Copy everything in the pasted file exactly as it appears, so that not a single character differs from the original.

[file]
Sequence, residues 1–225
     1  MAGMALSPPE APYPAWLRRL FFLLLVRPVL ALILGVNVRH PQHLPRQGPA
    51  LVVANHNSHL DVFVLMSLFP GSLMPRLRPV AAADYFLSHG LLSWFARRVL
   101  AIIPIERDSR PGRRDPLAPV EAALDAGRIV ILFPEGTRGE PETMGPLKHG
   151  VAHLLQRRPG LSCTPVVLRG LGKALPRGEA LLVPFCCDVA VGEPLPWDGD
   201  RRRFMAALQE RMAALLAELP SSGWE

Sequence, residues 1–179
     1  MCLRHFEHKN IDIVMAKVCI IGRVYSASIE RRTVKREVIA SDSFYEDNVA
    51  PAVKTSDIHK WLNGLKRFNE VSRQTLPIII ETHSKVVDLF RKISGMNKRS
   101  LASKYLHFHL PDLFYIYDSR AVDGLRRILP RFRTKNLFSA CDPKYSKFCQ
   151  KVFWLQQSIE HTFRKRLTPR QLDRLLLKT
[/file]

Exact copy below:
Sequence, residues 1–225
     1  MAGMALSPPE APYPAWLRRL FFLLLVRPVL ALILGVNVRH PQHLPRQGPA
    51  LVVANHNSHL DVFVLMSLFP GSLMPRLRPV AAADYFLSHG LLSWFARRVL
   101  AIIPIERDSR PGRRDPLAPV EAALDAGRIV ILFPEGTRGE PETMGPLKHG
   151  VAHLLQRRPG LSCTPVVLRG LGKALPRGEA LLVPFCCDVA VGEPLPWDGD
   201  RRRFMAALQE RMAALLAELP SSGWE

Sequence, residues 1–179
     1  MCLRHFEHKN IDIVMAKVCI IGRVYSASIE RRTVKREVIA SDSFYEDNVA
    51  PAVKTSDIHK WLNGLKRFNE VSRQTLPIII ETHSKVVDLF RKISGMNKRS
   101  LASKYLHFHL PDLFYIYDSR AVDGLRRILP RFRTKNLFSA CDPKYSKFCQ
   151  KVFWLQQSIE HTFRKRLTPR QLDRLLLKT